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Friday, 1 April 2016


The Marshmallow is a candy that is usually made of sugar or corn syrup, gelatin that has been pre-softened in hot water, dextrose, and flavorings, whipped to a spongy consistency.

In ancient Egypt marshmallows were made from the sticky root sap of the marsh mallow plant, a genus of herb that is native to parts of Europe, North Africa, and Asia that grow in marshes and other damp areas. They were created by boiling pieces of the marsh mallow root pulp with honey until it was thickened. The mixture was then strained and cooled. The resulting candy was reserved for gods and royalty.

By the 1800s, confectioners were making small batches of candy with mallow, sugar, and egg whites. Mass production of marshmallows was made possible by using gelatin and corn starch instead.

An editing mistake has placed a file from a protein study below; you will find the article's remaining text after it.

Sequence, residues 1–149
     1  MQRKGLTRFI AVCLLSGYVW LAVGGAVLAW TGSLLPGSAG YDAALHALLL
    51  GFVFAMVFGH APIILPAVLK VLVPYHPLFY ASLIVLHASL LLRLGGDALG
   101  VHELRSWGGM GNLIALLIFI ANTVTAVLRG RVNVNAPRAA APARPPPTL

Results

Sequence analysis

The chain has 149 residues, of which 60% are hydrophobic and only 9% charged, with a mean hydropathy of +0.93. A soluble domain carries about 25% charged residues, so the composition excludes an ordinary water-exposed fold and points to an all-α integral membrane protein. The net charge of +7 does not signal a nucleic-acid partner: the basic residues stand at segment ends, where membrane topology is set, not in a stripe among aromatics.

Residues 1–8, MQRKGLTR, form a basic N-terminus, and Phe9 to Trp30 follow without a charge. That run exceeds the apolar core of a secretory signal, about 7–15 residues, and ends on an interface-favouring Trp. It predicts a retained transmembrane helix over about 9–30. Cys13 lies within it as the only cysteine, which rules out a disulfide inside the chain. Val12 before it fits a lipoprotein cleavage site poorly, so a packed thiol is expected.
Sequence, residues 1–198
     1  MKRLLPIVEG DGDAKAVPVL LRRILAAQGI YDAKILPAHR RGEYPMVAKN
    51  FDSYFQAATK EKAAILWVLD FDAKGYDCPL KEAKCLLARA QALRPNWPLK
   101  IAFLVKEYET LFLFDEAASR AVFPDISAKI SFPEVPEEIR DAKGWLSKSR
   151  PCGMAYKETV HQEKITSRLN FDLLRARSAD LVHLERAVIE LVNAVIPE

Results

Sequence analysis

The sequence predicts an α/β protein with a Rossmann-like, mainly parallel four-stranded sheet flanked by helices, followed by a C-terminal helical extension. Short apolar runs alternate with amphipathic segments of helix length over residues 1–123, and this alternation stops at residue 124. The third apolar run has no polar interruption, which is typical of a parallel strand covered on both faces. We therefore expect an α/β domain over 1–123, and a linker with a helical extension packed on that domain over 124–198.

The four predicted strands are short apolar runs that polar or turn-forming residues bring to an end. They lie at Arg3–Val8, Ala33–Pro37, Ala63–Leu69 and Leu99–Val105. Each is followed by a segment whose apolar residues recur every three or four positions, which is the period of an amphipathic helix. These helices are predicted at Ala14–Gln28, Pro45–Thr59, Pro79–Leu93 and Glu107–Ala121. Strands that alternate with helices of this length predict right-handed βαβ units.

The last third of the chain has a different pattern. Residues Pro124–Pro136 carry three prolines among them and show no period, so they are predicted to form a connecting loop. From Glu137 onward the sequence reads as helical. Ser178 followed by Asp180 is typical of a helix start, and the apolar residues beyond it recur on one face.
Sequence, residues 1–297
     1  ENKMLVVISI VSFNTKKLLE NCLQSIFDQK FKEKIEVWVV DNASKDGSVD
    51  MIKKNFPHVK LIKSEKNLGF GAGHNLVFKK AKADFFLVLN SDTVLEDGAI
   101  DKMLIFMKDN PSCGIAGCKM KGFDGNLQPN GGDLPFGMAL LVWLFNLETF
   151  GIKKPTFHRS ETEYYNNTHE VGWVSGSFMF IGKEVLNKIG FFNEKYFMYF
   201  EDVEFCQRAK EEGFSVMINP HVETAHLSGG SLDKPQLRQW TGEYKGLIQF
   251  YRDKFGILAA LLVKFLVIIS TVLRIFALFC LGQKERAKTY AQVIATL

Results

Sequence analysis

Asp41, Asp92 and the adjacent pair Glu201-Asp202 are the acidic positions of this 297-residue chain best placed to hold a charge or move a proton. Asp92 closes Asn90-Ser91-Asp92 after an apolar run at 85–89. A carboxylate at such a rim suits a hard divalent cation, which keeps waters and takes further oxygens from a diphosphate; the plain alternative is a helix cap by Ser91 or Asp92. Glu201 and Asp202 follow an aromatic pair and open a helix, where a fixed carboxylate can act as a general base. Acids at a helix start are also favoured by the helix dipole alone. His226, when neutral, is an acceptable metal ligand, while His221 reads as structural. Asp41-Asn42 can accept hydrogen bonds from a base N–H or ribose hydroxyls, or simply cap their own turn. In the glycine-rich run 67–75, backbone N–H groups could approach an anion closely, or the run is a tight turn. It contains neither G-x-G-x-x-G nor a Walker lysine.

The earliest mention of marshmallow creme in an American cookbook is from Fannie Farmer's Boston School Cook Book, printed in 1896.

Marshmallow creme was once advertised in the US as a wrinkle cream.

Today, Marshmallows are used in several types of candies, on foods, and on some drinks such as hot chocolate.

During the Easter season, 700 million Marshmallow Peeps are bought by Americans making it the most popular Easter candy besides chocolate.

There have been two known fatalities of people suffocating on marshmallows while playing Chubby Bunny.

Nearly 7 million pounds of marshmallow Fluff are sold every year; 50% of those sales occur in New England and upstate New York.

Source Food for Thought by Ed Pearce

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